On 22 August, industry chamber, ASSOCHAM organised an interactive session, where the members of the food industry had an opportunity to interact with Ashish Bahuguna, new Chairperson of the FSSAI. Ashish Bahuguna has just taken over the reins of the FSSAI and according to his own admission he is new to the organisation. He also felt that food safety is a vast subject and things become more complicated when FSSAI has to also deal with various aspects of food safety according to India’s vast geographical footprint.
His remarks came on the back of the Supreme Court order that quashed the FSSAI plea for issuing advisories on seeking product approval for products that were already in the market. While the Supreme Court order might have come as a bolt out of the blue for the FSSAI it has also left the Food Business Operators in a quandary. What happens to product approval now? Would the 15 advisories that are in the public domain be withdrawn and declared invalid or should the food manufacturers still pay heed to them?
While searching for a possible solution Ashish Bahuguna, suggested that perhaps those food products which have been approved by FSSAI should stand approved and the products which are in the pipeline could be considered as NOCs till they are finally approved by the authority. He was however, quick to add that he is putting forth his views only from his personal account. He also said that at the end of the day, a product is approved by FSSAI so responsibility for the product also falls on the FSSAI.
The new FSSAI Chairman made it clear that though the regulations might need to be streamlined he does not see how the food industry could be run without the Rules and Regulations. He however, was also quite clear that revamping the FSSAI would be a long drawn out process. He pointed to the fact that while adopting rules and regulations from international bodies like Codex Alimentarius a clear value needs to be established and a conscious effort made about what is suitable for adoption into the Indian regulatory system.
He requested the industry to work as a team so that the concerted efforts of all stakeholders could bring about an effective and more streamlined regulation. He felt there was also a need to have workable solutions but which are based on the backbone of scientific findings. Also he felt that if explanatory notes were attached they would help to convey a clearer understanding of the regulations.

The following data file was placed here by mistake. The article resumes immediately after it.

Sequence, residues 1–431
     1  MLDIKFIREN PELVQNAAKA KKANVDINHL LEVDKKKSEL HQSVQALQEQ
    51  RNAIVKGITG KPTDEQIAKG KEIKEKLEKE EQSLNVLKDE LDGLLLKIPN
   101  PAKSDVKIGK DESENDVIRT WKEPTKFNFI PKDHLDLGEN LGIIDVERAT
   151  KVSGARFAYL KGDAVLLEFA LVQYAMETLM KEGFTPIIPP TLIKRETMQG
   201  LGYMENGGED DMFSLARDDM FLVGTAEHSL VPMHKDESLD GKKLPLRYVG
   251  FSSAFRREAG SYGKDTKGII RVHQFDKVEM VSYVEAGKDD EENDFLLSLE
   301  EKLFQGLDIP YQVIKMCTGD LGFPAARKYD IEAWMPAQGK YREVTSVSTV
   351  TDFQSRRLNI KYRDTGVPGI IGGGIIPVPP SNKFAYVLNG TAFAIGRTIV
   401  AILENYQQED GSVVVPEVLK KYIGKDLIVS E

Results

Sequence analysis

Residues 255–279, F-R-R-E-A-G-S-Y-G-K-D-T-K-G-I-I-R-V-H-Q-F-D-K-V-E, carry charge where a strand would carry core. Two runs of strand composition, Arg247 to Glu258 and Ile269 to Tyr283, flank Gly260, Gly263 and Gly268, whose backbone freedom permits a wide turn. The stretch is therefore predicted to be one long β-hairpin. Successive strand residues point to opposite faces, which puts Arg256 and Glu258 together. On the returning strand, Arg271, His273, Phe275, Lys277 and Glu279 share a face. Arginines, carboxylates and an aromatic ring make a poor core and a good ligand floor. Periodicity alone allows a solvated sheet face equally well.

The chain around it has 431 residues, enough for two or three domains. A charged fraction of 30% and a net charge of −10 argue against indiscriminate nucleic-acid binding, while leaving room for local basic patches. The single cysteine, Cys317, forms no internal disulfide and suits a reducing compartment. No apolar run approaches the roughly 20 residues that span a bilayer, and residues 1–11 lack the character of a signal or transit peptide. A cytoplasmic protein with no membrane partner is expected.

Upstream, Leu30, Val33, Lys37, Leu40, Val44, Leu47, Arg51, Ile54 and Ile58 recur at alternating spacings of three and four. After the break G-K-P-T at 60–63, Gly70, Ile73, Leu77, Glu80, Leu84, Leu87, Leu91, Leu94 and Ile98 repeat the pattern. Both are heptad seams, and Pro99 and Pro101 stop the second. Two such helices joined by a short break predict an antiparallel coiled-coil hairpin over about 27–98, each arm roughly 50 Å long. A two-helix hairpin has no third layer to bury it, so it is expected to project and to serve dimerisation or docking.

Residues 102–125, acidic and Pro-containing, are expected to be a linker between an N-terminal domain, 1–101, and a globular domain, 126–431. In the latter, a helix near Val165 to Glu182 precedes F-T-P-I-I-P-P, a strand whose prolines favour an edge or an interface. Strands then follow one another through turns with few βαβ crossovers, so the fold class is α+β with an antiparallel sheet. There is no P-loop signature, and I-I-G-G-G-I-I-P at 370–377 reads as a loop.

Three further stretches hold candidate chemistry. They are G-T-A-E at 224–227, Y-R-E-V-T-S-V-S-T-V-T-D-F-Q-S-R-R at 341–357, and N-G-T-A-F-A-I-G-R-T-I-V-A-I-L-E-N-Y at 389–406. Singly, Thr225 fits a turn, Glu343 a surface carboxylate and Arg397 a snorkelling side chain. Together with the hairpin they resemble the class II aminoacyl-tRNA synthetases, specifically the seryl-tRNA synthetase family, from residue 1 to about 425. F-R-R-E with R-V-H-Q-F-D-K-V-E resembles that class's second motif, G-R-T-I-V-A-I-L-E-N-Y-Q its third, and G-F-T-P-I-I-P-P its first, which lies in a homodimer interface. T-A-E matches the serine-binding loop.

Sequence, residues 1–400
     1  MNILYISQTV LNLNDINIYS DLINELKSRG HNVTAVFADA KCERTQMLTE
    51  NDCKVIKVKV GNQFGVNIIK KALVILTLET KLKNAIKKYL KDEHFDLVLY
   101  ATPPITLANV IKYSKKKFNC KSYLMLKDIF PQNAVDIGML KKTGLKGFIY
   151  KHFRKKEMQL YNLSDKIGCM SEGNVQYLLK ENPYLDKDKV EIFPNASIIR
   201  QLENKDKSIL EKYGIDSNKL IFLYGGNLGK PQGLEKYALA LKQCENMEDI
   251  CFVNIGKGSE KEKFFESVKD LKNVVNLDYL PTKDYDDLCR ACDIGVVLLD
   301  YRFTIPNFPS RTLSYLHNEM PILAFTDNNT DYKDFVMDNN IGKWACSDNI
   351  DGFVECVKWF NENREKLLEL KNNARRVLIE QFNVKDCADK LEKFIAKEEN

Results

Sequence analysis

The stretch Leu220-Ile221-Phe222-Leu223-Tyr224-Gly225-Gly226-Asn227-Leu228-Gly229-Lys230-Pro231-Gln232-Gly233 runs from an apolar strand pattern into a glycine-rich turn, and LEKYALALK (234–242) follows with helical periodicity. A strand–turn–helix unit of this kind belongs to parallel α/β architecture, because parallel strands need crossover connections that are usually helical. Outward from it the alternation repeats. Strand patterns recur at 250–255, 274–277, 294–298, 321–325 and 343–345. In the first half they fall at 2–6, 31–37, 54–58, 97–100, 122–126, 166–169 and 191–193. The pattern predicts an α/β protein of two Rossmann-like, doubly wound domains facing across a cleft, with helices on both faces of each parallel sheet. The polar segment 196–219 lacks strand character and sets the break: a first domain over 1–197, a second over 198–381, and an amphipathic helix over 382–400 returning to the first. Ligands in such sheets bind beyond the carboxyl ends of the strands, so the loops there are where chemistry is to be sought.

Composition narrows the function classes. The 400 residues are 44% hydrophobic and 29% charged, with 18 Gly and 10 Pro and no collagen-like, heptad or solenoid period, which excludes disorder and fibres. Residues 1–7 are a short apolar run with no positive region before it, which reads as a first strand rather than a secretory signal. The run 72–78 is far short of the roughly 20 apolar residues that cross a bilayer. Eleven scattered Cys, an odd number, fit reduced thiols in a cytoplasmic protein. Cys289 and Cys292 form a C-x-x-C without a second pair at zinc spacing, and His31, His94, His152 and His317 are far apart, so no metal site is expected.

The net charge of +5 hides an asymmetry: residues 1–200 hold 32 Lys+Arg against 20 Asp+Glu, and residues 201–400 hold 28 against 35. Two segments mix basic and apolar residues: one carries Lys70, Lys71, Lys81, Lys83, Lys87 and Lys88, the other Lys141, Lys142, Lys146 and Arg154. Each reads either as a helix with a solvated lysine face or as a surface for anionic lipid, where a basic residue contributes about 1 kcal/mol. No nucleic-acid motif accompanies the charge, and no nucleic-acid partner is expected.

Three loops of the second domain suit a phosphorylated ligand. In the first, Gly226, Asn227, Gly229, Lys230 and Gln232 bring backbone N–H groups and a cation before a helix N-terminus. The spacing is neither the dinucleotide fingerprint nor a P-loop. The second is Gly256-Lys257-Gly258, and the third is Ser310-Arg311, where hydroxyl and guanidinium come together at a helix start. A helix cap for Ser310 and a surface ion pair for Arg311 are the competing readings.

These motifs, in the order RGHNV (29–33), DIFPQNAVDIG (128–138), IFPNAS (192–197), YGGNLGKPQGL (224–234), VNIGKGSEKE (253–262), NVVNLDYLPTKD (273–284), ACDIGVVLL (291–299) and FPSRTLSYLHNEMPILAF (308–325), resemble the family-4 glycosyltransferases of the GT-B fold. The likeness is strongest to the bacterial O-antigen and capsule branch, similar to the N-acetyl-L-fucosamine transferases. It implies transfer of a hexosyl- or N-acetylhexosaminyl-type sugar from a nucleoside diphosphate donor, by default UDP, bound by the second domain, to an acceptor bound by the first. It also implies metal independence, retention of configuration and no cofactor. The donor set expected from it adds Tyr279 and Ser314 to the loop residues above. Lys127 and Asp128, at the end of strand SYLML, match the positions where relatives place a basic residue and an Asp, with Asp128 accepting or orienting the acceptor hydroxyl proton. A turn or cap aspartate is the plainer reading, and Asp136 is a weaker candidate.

Among various suggestions that came up during the session from the industry one demonstrated the need for risk assessment and improvement process, which could be instituted, before the FSSAI made changes in regulations. Another suggestion was to have provisions for an appropriate redressal mechanism. Some also suggested that the label ‘proprietary food’ be removed till standards were established. Yet another request was made for setting up a procedure to approve ingredients and additives that had been cleared by international food agencies but not by FSSAI.
The food industry and the FSSAI Chairperson agreed to the establishment of a Core group that would act as a communication channel between the industry and FSSAI to convey the problems the industry faced with regulations. This need was especially felt in the wake of the Nestlé’s Maggi controversy that underlined the need for manufacturers to comply with regulations but also brought out the scarcity in appropriate testing facilities in the country. Presently there are only two government laboratories under the purview of the FSSAI, one at Ghaziabad and the other at Kolkata. Therefore there was a clear need to increase the number of laboratories and also develop the technical skills needed by personnel in these testing laboratories.